Power and cooling costs have dramatically risen in recent years. The primary goal of data center managers is to ensure maximum availability while minimizing power costs. High-efficiency uninterrupted power supply systems are helpful in achieving this. Products that weren’t even an option a few years ago are now available.

2. Protecting Power

A power crisis or failure has less impact on a business that has outsourced data control. A business that supplies its own power can suffer great losses from technological and natural power outages since onsite servers are more vulnerable to broadband problems. A power outage lasting as little as 1/50 of a second can set off events that may prevent IT equipment from functioning for up to 15 minutes.

In comparison to conventional data storage methods, data centers are generally more secure. Today, the issues and risks related to data loss are getting out of hand. Modern network devices, servers, and storage systems feature components that are so tiny that they struggle and sometimes malfunction under power conditions that older technology could easily withstand.

3. Improving Efficiency

By law, an electrical power supply can vary significantly enough to pose serious issues for IT equipment. Voltage can lawfully range from 5.7% to 8.3% under absolute specifications according to current U.S. standards. As a result, utility providers that advertise 208 volts may legitimately supply voltages of between 191 to 220 volts.

With stringent regulations and monitoring procedures, a data center eliminates the ambiguity around power levels. On top of that, utility power isn’t always clean. While some businesses may have their own power supply, key hubs are frequently supplied by public utilities. The fact that so many businesses rely on the same power grid slows IT operations. Due to data centers’ privatization of power, businesses that use them will in the future enjoy major improvements in technological speed and functionality.

4. Optimum Security

Whether you’re searching for unmanaged or managed collocation services, data centers facilitate a secure environment, rack space, and internet access to keep your business operational in the event that something unusual happens to your business server. Data centers can be used to keep your data private if the success of your business depends on your ability to adhere to local, state, or federal privacy laws. A business that has several data centers spread out geographically provides even greater security and stability for a business.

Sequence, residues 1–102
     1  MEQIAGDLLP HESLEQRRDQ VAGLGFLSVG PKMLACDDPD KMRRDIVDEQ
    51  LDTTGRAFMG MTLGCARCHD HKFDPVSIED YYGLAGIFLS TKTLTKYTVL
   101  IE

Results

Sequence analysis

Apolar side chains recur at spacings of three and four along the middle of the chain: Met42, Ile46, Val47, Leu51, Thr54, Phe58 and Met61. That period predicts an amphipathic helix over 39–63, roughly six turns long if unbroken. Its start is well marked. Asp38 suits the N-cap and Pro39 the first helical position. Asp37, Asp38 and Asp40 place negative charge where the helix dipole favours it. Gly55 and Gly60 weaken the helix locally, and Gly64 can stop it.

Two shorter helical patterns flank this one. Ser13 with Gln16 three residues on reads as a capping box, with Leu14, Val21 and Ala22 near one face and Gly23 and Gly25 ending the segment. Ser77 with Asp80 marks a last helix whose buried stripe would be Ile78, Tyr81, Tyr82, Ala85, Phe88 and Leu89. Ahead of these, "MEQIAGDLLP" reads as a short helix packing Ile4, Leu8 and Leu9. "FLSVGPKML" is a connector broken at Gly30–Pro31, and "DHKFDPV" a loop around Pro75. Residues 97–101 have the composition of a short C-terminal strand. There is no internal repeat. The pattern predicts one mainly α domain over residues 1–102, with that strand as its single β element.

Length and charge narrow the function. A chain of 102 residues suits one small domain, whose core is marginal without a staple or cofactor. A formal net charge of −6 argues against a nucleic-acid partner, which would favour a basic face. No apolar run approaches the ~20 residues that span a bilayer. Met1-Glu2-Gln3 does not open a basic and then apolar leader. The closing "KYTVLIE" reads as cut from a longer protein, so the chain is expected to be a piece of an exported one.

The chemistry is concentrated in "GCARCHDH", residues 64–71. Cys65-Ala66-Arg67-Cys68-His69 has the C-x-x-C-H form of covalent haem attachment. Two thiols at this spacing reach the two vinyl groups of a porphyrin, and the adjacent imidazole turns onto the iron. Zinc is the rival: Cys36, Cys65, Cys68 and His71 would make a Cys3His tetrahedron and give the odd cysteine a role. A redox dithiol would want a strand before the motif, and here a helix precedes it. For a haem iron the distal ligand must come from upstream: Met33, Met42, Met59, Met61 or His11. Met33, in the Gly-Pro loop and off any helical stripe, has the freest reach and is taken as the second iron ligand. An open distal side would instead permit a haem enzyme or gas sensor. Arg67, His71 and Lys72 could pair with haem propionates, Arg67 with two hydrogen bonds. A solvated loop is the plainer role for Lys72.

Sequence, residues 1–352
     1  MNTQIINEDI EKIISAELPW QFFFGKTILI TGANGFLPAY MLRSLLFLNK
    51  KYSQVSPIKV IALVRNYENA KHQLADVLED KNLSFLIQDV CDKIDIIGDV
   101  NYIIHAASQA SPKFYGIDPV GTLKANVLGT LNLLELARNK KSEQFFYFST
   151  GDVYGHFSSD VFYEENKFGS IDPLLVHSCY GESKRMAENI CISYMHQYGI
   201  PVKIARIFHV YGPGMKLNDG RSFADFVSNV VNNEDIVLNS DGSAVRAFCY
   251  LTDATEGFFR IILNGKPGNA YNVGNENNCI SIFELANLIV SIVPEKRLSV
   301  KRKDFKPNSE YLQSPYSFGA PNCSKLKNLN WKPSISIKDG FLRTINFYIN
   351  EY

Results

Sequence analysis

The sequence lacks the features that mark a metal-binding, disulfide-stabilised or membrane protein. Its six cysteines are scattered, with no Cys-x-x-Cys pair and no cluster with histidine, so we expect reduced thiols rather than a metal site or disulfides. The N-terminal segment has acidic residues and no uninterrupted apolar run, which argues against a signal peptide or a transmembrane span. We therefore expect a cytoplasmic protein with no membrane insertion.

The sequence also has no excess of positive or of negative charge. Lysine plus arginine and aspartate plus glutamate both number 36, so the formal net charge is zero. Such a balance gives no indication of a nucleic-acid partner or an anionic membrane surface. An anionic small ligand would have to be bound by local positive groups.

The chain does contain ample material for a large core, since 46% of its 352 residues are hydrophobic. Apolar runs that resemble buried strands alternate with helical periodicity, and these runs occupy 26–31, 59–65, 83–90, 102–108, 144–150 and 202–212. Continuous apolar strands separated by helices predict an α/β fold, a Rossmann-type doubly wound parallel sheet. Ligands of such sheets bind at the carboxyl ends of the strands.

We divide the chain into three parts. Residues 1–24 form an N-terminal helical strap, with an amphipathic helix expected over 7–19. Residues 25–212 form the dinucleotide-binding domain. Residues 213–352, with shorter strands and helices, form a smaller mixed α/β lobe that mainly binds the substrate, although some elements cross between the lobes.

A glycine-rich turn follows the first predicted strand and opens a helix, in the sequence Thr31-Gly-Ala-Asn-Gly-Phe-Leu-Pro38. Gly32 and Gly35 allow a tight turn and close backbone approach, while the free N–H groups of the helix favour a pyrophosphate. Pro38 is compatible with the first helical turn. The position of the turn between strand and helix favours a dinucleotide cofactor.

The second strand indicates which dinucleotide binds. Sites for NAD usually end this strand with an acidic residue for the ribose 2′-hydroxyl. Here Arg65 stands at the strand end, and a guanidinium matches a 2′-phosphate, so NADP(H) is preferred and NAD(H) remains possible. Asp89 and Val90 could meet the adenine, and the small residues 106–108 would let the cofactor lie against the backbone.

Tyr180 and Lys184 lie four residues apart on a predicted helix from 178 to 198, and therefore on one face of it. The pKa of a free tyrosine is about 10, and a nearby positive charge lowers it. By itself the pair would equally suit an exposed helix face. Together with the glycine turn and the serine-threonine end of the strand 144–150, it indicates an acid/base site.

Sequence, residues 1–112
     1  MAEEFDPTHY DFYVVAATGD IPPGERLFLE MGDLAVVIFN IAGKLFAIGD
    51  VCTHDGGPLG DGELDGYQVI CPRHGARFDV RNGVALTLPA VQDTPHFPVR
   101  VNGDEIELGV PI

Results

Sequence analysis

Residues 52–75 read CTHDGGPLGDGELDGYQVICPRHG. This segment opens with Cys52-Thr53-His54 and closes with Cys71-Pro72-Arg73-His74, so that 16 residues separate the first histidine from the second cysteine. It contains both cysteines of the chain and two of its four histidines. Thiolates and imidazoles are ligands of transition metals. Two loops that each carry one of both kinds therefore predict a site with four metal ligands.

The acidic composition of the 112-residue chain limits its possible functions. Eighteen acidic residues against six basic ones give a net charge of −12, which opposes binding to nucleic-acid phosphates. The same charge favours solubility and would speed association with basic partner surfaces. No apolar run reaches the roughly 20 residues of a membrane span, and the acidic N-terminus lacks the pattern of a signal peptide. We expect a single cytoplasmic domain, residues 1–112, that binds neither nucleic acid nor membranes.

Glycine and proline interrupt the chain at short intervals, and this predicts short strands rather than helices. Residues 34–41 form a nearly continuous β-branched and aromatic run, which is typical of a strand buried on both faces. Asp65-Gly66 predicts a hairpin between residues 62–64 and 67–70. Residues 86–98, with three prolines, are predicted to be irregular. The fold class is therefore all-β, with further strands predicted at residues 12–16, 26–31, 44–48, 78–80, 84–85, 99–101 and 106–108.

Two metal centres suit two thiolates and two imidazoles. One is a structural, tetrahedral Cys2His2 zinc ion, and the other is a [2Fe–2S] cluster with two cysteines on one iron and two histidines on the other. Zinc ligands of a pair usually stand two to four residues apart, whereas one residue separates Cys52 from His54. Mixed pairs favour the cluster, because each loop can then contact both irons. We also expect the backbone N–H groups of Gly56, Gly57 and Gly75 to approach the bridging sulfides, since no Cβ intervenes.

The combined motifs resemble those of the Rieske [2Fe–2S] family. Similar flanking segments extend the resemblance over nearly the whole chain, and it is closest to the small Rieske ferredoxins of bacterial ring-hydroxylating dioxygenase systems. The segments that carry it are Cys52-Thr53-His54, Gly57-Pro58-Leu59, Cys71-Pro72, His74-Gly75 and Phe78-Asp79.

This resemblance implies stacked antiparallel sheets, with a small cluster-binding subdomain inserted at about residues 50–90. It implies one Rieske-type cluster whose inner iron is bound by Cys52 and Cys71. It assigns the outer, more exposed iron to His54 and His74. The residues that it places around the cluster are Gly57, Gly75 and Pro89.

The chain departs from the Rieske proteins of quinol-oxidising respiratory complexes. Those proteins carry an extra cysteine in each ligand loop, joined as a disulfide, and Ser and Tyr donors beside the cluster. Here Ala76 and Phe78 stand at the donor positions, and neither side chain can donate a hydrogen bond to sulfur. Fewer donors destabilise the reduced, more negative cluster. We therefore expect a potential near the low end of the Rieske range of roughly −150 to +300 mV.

5. Improved Access to the Internet

If your organization depends on having round-the-clock access to your operations and data, a data center is a necessity. It ensures always-on access to data. Additionally, having multiple internet connections and access points provides a higher level of redundancy and guarantees the ongoing availability of your business’s data.

6. Maintaining a Competitive Edge

Data analytics are now an essential part of every company’s strategy, and computing resources are necessary to extract vital information from data. Using a collocation or MSP leaves your small business with more computing capabilities and the ability to use the same ‘big data’ analytics as larger corporations, elevating your company to the same level of competitiveness.

7. Scalability

Today, a staggering amount of data is being churned out by the second. Every individual on earth was expected to produce 1.7 MB of data every second by the year 2020. When you think about it, that’s astounding. Your company’s data requirements will only continue to grow. Scalability isn’t a problem when using a data service center. These facilities allow you to scale gradually as your business grows.

While there are certain businesses that need data centers more than others, every company, no matter how big or small, must either run its own data center or outsource its data needs. This might entail paying for cloud-based services, leasing space from a colocation provider, or delegating tasks to a managed service provider (MSP). If your business falls under the businesses that need data centers, give us a call today to speak to one of our professionals.